From the Jacket
The Partition of India was a traumatic event. Apart from destroying the unity of India, the two-nation theory created a divide between the Muslims and non-Muslims which has not been easy to bridge. Bur, more important was its tremendous human cost-loss of about a million people. This holocaust, which Nehru described as a man-made Greek Tragedy, is the focus of this book. Based on extensive and in-depth research, it sheds new light on several important issues.
The book surveys the critical 18 month period preceding the transfer of power which saw widespread communal hatred and violence. The poison of communalism had seeped so deep that it should have been evident to anyone that transfer of power was not going to be peaceful. But, the British and the leaders of the two would be dominions- India and Pakistan-failed to see this writing on the wall. The book vividly brings out the holocaust, makes a clinical and thorough inquest, and concludes that, with foresight and planning, its extent and severity could have been reduced substantially. Analysis of such a monumental tragedy inevitably leads to a critical appraisal of the role played by the authors of the tragedy, and the actors who played a part in it-on stage, backstage and in the wings.
The book argues that Nehru and Patel must have been aware of the seriousness of Jinnah's illness and still pressed for partition. India, which is better off with partition, should be eternally indebted to them for their farsightedness, political courage and statesmanship. United India would have been unliveable, ungovernable, and unsurvivable. With its wide canvass, this fascinating and thought-provoking book is a must read.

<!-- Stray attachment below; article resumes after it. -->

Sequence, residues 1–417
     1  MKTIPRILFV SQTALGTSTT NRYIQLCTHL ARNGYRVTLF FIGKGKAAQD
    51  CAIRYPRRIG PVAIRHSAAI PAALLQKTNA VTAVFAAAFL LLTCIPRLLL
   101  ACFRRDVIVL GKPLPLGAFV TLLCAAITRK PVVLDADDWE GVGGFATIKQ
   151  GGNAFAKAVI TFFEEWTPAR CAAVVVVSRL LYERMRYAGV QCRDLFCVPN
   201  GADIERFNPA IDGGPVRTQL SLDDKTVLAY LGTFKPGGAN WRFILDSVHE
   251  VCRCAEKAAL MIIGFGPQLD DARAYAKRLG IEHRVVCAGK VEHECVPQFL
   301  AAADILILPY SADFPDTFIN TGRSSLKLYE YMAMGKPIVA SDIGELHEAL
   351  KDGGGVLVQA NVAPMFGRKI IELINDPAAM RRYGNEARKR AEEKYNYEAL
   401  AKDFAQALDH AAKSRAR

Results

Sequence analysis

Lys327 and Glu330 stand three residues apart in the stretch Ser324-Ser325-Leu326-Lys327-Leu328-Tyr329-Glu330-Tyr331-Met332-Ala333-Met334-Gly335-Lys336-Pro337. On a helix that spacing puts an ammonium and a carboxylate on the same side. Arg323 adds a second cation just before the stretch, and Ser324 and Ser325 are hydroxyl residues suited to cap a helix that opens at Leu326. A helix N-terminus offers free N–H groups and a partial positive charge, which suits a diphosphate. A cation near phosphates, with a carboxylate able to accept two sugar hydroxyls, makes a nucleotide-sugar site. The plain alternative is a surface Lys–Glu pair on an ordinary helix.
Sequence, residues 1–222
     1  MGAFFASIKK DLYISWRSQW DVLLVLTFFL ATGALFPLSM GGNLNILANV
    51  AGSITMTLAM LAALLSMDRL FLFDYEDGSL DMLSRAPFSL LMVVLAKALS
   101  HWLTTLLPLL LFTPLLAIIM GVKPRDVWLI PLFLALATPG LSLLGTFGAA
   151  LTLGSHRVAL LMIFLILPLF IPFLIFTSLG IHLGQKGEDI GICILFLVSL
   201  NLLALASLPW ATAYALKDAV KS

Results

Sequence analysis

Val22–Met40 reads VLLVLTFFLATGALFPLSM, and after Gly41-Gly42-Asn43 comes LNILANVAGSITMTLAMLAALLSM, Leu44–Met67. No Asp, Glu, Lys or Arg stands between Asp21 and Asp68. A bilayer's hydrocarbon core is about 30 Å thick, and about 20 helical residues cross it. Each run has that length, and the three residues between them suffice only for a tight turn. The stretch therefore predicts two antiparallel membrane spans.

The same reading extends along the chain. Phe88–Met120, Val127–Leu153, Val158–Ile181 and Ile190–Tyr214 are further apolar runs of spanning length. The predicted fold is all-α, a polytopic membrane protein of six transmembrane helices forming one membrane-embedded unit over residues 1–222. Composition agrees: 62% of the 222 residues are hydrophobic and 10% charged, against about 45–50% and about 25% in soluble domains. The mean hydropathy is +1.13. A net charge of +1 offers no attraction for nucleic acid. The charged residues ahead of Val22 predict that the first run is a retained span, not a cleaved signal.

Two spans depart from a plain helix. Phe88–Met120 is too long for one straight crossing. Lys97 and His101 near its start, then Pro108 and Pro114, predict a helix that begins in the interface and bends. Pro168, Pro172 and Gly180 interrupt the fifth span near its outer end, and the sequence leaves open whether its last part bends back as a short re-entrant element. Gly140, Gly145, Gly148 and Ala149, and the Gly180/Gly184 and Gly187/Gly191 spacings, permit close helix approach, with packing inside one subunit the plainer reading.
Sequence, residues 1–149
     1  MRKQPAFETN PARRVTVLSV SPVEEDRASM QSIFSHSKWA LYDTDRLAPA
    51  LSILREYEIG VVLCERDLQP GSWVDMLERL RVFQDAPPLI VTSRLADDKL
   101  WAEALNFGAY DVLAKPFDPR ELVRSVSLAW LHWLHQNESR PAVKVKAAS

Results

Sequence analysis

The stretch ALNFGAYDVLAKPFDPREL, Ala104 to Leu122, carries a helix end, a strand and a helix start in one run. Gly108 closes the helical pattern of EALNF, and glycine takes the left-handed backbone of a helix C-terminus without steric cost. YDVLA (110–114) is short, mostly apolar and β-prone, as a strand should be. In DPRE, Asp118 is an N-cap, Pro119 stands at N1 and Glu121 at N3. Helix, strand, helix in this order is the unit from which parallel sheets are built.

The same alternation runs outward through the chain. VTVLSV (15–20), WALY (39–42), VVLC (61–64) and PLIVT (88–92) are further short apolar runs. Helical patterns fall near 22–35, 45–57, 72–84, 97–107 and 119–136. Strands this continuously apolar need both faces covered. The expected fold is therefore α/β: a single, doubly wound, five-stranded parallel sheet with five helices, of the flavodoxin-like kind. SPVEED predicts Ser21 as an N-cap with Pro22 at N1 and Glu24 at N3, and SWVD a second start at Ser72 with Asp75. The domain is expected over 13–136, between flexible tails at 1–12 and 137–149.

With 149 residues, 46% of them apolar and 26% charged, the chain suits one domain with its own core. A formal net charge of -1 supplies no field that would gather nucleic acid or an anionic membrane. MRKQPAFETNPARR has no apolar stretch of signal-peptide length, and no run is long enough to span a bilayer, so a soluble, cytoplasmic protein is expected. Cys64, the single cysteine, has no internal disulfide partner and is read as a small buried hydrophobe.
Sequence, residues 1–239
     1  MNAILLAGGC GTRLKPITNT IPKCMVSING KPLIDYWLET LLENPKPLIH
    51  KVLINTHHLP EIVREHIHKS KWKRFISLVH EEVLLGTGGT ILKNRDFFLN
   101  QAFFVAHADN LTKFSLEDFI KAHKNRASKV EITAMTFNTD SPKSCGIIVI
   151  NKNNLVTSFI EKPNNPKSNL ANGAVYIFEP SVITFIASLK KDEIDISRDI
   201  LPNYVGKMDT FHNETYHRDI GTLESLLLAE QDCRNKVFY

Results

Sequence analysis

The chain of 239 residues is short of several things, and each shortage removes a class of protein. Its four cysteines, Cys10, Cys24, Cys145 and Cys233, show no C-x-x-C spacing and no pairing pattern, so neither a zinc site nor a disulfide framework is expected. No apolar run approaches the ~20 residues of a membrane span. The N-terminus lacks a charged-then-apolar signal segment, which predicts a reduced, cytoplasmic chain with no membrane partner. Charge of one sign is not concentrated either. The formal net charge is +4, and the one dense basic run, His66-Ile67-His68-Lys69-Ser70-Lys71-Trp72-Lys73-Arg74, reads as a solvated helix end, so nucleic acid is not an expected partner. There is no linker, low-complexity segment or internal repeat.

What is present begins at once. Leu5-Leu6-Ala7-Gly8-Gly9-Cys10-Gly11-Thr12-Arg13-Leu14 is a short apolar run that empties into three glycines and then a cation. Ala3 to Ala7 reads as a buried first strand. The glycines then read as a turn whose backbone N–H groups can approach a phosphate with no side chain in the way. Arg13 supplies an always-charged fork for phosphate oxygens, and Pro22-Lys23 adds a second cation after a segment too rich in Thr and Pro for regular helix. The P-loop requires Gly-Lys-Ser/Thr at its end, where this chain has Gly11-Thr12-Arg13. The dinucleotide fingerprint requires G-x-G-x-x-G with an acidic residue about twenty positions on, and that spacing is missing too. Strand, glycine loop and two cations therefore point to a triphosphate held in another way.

About the Author
Madhav Godbole (b. 1936) has a M.A. in development economics and M.A. and PhD in economics (University of Bombay). He joined the Indian Administrative Service in 1959 and resigned as Union Home Secretary. He has been secretary, Urban Development, and secretary, Petroleum and Natural Gas in Government of India, Principle Finance secretary, and chairman, Maharashtra State Electricity Board in Government of Maharashtra. He worked in the Asian Development Bank, Manila, Philoppines, from 1980-85.
He has written eleven books in English and Marathi. He has co-authored the working paper, A Quest for Good Governance based on his public interest litigation in the Supreme Court. He also writes on current issues in newspapers and reputed journals.
After retirement, he worked as chairman of several Committees: state level economic reforms, co-operative sugar factories, Enron Power Project, power Sector reforms, amongst others.
He is the recipient of chinmulgund Public administration Award and Dr. M. Visvesvarayya Memorial Lifetime Achievement Award.
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